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01.11.2015 | Original Contributions | Ausgabe 11/2015

Obesity Surgery 11/2015

Three-Dimensional (3D) Versus Two-Dimensional (2D) Laparoscopic Bariatric Surgery: a Single-Surgeon Prospective Randomized Comparative Study

Zeitschrift:
Obesity Surgery > Ausgabe 11/2015
Autoren:
Giuseppe Currò, Giuseppe La Malfa, Antonio Caizzone, Valentina Rampulla, Giuseppe Navarra

Abstract

Background

To address the issue whether three-dimensional (3D) offers real operative time advantages to the laparoscopic surgical procedure, we have designed a single-surgeon prospective randomized comparison of 3D versus two-dimensional (2D) imaging during two different bariatric procedures.

Methods

Forty morbidly obese patients were randomized on the day of surgery by a random computer-generated allocation list to receive either a 3D high-definition (HD) display or 2D HD imaging system laparoscopic bariatric procedure by a single experienced surgeon. Forty operations were performed with either a 3D HD display or 2D HD imaging system. After the insertion of the access ports, both surgical procedures were divided in component tasks, and the execution times were compared.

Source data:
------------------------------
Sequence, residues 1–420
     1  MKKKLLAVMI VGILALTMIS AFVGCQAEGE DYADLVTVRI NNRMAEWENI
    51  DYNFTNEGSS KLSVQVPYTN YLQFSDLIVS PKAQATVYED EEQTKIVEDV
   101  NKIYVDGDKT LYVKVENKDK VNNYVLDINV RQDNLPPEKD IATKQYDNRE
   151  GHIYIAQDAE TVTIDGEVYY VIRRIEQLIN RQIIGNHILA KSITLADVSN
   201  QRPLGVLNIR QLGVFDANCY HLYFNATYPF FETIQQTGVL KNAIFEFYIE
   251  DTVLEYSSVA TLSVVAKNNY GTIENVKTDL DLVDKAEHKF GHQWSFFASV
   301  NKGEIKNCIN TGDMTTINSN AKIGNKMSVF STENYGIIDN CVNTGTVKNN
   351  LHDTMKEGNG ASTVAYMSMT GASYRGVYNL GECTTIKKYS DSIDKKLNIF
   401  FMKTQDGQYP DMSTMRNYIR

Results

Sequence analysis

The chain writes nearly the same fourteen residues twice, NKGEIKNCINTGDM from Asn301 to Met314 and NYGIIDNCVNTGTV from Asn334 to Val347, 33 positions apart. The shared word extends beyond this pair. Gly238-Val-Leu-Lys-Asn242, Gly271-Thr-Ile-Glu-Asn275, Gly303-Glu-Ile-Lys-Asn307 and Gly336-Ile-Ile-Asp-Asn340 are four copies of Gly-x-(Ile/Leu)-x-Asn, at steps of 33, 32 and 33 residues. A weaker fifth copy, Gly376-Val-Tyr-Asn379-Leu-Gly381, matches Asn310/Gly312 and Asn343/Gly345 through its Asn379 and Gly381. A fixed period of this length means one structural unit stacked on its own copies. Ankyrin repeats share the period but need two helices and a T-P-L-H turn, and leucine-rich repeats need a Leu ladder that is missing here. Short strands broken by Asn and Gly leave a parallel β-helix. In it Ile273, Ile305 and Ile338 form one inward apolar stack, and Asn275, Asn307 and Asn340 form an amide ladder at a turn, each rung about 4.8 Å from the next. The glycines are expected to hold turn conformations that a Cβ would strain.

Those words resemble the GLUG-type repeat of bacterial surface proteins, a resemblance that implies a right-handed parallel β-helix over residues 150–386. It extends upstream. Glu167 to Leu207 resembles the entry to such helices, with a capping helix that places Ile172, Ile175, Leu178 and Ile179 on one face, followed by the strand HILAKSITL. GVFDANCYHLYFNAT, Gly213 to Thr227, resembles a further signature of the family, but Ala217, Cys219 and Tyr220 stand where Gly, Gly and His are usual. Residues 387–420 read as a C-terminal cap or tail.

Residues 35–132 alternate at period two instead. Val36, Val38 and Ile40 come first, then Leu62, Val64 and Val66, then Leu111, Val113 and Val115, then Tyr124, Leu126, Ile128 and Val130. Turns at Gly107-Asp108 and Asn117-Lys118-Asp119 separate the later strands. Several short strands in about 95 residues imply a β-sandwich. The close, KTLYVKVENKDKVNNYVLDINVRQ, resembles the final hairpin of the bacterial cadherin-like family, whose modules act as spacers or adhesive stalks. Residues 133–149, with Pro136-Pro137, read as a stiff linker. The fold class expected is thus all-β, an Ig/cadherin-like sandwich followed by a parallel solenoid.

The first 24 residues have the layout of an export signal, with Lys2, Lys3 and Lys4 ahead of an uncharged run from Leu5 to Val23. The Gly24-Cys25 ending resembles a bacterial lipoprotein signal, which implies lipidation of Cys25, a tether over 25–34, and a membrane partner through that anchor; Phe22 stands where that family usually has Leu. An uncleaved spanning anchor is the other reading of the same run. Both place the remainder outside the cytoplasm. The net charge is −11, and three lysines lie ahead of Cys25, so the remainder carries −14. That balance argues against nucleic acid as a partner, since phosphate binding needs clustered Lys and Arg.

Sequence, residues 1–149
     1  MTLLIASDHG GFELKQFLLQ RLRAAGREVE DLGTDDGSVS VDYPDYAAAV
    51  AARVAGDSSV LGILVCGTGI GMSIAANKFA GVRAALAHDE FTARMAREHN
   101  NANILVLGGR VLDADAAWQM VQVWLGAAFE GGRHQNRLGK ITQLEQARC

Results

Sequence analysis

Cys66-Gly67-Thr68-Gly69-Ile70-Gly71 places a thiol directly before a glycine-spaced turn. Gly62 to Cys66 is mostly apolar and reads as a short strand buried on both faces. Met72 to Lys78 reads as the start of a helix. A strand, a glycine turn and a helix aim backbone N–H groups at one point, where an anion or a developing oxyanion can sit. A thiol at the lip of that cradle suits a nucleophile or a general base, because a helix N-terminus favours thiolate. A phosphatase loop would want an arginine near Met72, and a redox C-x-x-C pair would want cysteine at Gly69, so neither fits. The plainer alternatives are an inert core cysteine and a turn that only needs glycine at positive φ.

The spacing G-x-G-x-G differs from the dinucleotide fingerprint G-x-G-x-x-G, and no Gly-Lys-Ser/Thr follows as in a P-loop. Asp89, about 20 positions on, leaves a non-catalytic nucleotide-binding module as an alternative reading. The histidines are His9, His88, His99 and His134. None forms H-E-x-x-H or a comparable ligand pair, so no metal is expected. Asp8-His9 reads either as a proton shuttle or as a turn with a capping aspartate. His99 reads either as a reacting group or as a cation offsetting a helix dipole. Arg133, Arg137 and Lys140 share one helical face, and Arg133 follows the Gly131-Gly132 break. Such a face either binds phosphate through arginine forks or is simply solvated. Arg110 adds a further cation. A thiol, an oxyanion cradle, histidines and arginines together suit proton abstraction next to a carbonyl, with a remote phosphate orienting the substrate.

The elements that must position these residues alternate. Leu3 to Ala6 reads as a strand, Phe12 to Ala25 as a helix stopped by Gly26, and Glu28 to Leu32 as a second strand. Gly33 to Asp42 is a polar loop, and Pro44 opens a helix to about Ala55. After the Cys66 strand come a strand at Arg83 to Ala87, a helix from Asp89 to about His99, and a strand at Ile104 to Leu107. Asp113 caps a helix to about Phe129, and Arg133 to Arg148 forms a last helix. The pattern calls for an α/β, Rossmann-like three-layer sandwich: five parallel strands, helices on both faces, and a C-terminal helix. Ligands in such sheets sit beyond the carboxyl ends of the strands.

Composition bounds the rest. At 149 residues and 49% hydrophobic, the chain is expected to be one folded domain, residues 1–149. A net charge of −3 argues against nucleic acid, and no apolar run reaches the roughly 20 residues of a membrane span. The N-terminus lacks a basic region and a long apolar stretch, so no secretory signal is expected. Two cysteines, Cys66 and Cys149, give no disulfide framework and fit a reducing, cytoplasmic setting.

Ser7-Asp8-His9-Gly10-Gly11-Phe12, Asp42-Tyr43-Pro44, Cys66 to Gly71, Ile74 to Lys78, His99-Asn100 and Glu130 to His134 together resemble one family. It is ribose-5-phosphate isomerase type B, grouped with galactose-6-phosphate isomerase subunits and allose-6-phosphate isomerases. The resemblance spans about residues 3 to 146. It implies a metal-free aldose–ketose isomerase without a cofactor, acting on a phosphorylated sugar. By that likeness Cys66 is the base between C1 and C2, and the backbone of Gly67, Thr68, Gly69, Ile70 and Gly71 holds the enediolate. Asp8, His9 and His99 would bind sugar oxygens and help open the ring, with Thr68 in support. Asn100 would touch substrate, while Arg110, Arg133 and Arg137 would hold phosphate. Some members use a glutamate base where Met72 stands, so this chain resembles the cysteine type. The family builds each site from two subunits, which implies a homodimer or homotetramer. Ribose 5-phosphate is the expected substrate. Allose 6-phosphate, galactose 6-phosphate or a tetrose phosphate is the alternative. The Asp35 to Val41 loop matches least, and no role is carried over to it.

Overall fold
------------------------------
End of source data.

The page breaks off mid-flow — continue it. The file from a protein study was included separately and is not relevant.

Results

The execution times for the entire procedure and the single tasks were not significantly different between the 2D and 3D groups during sleeve gastrectomy. The execution times for the entire procedure and the single tasks, except for the first one, were significantly different between the 2D and 3D groups during mini-gastric bypass (p < 0.05). The surgeon experienced better depth perception with the 3D system and subjectively reported less strain using 3D vision system rather than the 2D system particularly during longer procedure.

Conclusions

3D imaging seems to decrease the performance time of more difficult bariatric procedures, which involve surgical tasks as suturing and intestinal measurement. Further comparative studies are necessary to address the issue if novice surgeons could benefit from reduced learning curve requested with 3D vision and to verify with greater numbers if 3D imaging can reduce complications.

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